HER sweet, melodious voice greets callers who dial in to SingTel’s customer service hotline.

A customer care officer with SingTel, Ms Wendy Wu attends to inquiries from residential customers and helps them to resolve their problems.

The 35-year-old, who sounds a good 10 years younger over the phone, says: “Some people think that being a tele-operator is a low-end job. But it takes a lot of patience and positive thinking to solve customers’ issues at our end.

“Without us here, customers might not get the help they need as quickly.”

All kinds of questions

A typical call from customers requires her to help them with the loss of a mobile phone or the difficulty in paying their phone bills.

She also answers their questions on SingTel’s price plans, mio TV and SingNet broadband services.

She adds: “Also, if a customer calls in wanting to terminate the subscription to our services, I will try to salvage this at my end and retain the customer.”

With the help of a computer and Call Master — a technical system that enables customers’ calls to be transferred to another department for further assistance — Ms Wu takes an average of 35 to 40 calls a day, spending about 15 minutes on each.

To stay competent, she makes it a point to read informational updates on SingTel’s intranet, check out the forum pages in the newspapers and gather feedback from her callers.

She says: “My customers share a lot of news with me, such as other telcos’ plans and relevant information that they picked up in the press, which I might have missed out on.”

Beating all odds

Formerly in the childcare line, Ms Wu, who has O-level qualifications and a diploma in child and childcare development, was burnt out after 11 years.

Subsequently, a job advertisement for a tele-operator job in another company caught her eye, and remembering her love of talking to people, she applied for it.

After two months on the job, she found herself “addicted” to talking to customers.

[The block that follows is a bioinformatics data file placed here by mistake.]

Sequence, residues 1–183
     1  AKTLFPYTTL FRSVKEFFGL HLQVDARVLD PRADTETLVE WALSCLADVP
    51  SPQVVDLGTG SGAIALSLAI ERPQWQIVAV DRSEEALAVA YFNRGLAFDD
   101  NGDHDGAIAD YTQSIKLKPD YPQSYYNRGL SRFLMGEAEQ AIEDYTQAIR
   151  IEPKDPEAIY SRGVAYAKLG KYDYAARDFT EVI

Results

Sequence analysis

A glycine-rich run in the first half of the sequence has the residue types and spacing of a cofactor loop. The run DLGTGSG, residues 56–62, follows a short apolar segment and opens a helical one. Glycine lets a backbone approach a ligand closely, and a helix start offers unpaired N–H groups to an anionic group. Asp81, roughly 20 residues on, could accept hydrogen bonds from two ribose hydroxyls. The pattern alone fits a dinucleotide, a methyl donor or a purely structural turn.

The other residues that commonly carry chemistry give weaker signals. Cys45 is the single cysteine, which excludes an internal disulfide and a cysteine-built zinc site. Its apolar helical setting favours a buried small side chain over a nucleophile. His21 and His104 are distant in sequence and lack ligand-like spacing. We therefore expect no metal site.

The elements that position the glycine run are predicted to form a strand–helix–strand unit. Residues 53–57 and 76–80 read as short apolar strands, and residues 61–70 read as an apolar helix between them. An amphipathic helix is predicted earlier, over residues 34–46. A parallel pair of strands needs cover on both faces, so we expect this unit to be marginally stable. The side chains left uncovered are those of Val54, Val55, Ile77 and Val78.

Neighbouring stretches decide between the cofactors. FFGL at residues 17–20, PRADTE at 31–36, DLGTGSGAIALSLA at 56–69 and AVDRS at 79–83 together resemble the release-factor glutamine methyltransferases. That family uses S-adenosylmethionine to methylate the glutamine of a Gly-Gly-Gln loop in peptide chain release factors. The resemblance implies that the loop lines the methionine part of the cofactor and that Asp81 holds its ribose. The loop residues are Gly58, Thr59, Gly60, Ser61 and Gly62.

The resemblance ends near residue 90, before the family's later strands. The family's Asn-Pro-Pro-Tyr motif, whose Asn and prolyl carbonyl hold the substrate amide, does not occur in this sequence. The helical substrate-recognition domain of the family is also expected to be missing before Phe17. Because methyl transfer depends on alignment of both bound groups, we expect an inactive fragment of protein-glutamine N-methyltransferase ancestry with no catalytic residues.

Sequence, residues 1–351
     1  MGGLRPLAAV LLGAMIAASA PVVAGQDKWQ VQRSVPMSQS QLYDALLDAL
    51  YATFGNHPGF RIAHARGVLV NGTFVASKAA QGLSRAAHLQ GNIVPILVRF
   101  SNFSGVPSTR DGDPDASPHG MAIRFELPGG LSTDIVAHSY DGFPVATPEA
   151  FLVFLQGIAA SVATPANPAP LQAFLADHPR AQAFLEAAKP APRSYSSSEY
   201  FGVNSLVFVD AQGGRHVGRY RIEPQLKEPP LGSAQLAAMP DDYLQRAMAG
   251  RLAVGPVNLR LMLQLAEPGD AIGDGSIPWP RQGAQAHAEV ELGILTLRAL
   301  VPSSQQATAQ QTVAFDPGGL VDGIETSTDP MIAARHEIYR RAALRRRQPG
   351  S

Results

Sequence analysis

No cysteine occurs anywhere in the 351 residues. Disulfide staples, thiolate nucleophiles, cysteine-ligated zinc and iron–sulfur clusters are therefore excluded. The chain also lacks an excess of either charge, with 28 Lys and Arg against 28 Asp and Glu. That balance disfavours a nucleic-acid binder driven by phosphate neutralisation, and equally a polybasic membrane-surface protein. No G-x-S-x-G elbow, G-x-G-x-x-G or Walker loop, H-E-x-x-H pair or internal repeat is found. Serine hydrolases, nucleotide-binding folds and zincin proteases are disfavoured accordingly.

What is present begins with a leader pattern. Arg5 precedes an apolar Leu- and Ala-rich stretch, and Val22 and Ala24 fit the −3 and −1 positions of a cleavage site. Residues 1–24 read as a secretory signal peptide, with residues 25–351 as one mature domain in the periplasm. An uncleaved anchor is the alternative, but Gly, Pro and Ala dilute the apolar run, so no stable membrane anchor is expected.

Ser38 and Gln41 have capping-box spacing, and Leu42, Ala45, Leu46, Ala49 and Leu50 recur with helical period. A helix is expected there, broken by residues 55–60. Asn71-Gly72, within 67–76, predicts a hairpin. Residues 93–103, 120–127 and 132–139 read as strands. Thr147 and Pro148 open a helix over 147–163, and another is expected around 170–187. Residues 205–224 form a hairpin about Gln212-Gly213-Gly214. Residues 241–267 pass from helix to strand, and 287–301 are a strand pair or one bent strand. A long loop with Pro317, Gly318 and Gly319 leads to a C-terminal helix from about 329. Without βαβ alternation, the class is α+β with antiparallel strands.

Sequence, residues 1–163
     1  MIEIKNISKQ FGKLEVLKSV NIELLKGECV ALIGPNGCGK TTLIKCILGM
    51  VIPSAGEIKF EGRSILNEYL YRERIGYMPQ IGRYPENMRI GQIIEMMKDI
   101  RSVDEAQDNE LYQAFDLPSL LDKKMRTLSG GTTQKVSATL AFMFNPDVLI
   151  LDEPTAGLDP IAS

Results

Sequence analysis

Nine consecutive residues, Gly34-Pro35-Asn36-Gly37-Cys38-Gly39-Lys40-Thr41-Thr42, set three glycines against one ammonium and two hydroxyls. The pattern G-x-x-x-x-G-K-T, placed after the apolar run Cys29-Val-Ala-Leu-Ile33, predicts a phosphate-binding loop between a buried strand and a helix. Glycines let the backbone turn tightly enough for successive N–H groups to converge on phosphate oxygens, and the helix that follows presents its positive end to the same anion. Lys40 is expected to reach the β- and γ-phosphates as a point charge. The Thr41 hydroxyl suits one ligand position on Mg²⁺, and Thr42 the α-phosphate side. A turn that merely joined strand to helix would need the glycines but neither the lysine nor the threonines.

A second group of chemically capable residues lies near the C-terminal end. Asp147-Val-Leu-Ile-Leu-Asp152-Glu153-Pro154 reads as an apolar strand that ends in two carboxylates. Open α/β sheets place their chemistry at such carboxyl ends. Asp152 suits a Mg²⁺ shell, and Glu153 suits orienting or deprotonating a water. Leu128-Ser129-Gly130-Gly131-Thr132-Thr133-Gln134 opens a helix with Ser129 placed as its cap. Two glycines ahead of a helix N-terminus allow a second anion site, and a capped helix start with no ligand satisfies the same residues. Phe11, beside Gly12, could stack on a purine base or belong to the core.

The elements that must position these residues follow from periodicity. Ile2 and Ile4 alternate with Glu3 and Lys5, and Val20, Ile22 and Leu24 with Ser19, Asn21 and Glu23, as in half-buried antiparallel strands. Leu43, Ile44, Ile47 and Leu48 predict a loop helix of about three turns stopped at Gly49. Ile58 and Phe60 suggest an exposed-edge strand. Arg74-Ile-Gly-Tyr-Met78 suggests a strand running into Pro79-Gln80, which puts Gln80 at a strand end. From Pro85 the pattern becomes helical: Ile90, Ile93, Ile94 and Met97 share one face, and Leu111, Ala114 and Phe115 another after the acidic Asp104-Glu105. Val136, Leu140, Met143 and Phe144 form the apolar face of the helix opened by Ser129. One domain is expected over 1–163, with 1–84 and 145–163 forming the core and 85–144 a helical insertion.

A competent tele-operator should possess empathy and patience, she says.

“Listening skills are very important. Always try to see things from the customers’ point of view and never say ‘no’.

“Most importantly, think positively. I always smile when I talk on the phone because customers can sense that you are smiling,” says Ms Wu, who has a mirror beside her computer.

She also feels that a genuine interest in people is essential, and she says she enjoys talking to people of all races and ages and listening to their stories.

When customers thank her for her services at the end of each call, she feels happy.

Inevitably, she has borne the brunt of their frustration, but tells herself that such scenarios provide an opportunity for her to learn to be more positive and smile more.

She believes that nothing is impossible.

Recalling a particularly difficult caller, she says: “I once had a customer who shouted and screamed over the phone asking for his demands to be met. I tried to cool him down but he refused to listen. I kept calm and told him that I would call him back the next day,” she says.

Bouquets received

As testament to her efficiency and service, Ms Wu receives four to five compliments in a month from customers.

She performs her job with such heartfelt passion that some customers have even asked her to go on dates and requested for her mobile number and Facebook account!

She has garnered her company’s monthly award for consistently bagging the most compliments among her 50 colleagues as well as the quarterly award, which recognises excellence in customer service.

She says: “The regular compliments make me realise that this is the job for me. It’s my forte. I love where I am now, talking to SingTel customers and having a wonderful family in my colleagues. We never fail to share our woes and happiness with one another.

“Of course, I hope to lead a team one day, to guide the members on the soft skills and pass on to them whatever I have learnt.”